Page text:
So, for some criteria in the rating process. First, your score is not lowered based on what you inherited. It's what you do with it after that counts. Secondly, all food plants for human consumption do NOT decrease your score. Like BBBBecky said, we all gotta eat! Third, lawns may only decrease your score by 1 to 2 points based on how extensive your lawn is in proportion to the total lot size if you don't use chemicals, use your own judgement on proportion. Minus 8 if you use a lawn service or chemicals on your lawn. Hey, I made up the game, so I get to make up the rules!

dapjwy, about the difference between an "extremist" and a "purist". I suppose a purist has the best intentions at heart and really wants to do the maximum they can to approach perfection, and an extremist can be someone who may be a little bit wacko and will go to any means necessary to get the results they want. So in my first discussion on this topic I think I meant to say purist. I'm not calling anyone a wacko, don't worry.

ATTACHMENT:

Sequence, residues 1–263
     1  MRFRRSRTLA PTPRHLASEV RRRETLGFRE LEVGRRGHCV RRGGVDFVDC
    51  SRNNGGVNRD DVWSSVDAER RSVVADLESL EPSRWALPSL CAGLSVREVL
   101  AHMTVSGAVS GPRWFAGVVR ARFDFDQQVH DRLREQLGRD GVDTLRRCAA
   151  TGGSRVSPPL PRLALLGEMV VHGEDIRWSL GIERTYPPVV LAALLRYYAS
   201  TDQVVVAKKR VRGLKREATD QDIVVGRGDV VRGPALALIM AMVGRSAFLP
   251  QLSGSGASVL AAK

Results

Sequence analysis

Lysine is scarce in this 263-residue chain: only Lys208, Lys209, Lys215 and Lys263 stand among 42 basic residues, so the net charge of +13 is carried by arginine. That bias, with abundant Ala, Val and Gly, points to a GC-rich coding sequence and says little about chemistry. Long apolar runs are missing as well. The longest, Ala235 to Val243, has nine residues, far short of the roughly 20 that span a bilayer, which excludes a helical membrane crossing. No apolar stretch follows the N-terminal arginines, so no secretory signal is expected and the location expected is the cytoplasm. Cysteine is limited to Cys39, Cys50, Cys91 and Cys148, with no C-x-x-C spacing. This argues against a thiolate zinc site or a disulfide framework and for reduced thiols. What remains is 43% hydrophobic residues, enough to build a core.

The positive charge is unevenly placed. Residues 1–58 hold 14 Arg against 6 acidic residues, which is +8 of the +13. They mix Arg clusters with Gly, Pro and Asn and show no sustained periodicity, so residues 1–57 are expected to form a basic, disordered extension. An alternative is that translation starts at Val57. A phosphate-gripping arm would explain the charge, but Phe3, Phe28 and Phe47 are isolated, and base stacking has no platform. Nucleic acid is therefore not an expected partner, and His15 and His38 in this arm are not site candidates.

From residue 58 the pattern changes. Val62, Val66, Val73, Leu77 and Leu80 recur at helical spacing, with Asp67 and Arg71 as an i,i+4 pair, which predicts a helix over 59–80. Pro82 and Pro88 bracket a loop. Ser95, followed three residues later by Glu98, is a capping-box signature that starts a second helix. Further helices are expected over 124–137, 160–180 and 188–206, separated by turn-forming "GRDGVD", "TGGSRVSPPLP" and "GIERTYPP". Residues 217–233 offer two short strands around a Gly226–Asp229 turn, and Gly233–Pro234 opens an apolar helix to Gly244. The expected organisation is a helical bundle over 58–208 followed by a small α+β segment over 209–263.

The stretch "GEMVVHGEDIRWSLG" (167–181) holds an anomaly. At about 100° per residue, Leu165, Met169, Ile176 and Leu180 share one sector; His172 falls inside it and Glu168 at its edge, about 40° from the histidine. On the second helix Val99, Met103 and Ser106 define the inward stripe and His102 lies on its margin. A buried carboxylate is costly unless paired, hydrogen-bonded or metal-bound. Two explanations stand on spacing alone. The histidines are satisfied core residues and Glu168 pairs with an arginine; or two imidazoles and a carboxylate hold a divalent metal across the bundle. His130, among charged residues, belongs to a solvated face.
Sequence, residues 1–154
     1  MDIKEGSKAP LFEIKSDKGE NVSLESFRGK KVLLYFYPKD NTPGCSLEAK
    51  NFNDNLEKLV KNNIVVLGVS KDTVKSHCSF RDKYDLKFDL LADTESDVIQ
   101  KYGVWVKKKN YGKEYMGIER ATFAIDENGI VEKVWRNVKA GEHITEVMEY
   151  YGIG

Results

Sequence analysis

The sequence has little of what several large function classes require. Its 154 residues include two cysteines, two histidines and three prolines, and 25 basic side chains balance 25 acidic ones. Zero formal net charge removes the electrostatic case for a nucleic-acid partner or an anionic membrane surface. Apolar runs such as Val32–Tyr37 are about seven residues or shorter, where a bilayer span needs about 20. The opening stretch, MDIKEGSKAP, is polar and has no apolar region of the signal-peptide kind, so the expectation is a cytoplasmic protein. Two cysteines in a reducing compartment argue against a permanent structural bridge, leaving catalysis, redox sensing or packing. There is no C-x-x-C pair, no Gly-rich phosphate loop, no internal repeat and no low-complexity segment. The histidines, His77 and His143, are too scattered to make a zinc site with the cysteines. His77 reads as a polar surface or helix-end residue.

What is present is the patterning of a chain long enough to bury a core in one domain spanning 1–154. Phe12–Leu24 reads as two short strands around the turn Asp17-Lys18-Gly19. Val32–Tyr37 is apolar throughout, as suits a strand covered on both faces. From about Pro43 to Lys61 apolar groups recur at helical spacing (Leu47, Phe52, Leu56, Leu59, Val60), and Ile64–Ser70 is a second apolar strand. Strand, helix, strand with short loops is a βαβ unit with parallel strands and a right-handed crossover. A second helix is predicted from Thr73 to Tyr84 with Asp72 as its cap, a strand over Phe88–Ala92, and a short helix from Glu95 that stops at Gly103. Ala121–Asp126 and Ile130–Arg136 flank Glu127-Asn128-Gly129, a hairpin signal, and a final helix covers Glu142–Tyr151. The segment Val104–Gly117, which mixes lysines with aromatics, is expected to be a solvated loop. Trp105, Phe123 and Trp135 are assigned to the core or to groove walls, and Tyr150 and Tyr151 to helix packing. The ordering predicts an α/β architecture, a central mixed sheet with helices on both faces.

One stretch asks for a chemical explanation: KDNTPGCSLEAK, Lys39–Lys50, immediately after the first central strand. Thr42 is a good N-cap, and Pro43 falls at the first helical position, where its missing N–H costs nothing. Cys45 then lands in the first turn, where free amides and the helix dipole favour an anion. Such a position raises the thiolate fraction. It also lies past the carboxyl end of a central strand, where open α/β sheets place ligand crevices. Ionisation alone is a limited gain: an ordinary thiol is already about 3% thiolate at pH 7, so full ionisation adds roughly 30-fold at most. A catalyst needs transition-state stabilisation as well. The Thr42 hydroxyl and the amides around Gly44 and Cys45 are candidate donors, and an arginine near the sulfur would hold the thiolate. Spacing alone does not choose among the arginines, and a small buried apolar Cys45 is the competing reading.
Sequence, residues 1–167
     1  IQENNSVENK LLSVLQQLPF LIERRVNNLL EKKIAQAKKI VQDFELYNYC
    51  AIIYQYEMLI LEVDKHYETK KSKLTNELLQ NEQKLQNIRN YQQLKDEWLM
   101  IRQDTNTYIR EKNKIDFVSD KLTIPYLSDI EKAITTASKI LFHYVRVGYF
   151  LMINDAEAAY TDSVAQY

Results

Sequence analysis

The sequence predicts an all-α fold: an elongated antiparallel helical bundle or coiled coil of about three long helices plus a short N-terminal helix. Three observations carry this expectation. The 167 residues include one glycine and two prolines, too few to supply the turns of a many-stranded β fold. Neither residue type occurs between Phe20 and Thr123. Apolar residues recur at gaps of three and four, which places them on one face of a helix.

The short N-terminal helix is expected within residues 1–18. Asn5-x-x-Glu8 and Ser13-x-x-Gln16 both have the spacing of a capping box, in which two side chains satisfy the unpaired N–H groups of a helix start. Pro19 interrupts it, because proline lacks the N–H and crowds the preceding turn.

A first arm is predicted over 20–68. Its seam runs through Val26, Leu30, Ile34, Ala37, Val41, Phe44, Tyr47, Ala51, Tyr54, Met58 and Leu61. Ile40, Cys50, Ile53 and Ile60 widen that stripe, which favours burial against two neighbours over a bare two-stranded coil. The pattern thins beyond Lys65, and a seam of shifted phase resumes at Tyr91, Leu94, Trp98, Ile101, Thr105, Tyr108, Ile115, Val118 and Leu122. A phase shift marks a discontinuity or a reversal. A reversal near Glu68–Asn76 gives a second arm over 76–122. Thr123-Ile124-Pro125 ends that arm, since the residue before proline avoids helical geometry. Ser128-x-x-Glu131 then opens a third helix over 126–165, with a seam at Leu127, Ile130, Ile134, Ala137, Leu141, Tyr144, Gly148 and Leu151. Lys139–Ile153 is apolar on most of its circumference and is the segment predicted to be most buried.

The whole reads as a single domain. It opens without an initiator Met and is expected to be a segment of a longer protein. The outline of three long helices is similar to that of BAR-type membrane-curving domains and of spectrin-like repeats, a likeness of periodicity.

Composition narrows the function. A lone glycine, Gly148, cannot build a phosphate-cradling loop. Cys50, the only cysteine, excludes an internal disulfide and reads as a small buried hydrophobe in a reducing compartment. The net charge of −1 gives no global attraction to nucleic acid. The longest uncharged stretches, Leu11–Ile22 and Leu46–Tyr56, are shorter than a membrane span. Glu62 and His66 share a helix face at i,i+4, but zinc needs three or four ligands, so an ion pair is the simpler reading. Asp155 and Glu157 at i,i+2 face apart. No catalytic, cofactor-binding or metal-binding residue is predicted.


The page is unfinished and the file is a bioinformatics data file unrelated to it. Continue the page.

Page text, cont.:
Like BBBBecky I also have acreage that we only maintain and is home and food for many wild animals, birds and butterflies. Our house sits on about 1 acre of "yard" and the other 4 acres are field and woods. We maintain the field by annual brushhogging and keep the woods free of invasives. We had a very old elm, probably a "heritage" elm that just died last year. Now it is home to cavity dwellers. It will stay standing. I'm getting off topic but I'm only considering my "yard" in the assessment. If you inherited a degraded site that needs restoration or remediation and you have added natives then I would consider that in the assessment.

Oh, and about that Japanese maple dapjwy, I wouldn't worry about encouraging others to plant non-natives if you want to go ahead and sell it. We aren't going to change the world. JMs are very expensive. You could use the money from the sale to purchase more natives. So I think that would more than balance out in the long run.

Equil - I knew I was taking on a risky subject when I started this. I can be a bit of a provacateur at times! At least I know I'm not a 10 intent on casting the first stone. So far everyone seems to be perfectly honest. There are many people with integrity here, I knew I was going to like this place!
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Old 03-13-2010, 11:40 AM   #14
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Im not especially a sticklier for native plants, but I am interested in natural plant-animal communities and ecosystems. My property came ready made with basic natives for the South -- my 100 year old house was built in an old pecan grove and the front is populated with a rather rampant grove of old magnolia grandifloras.

A few of the pecans are hybrids, but most are wild or seedling pecans.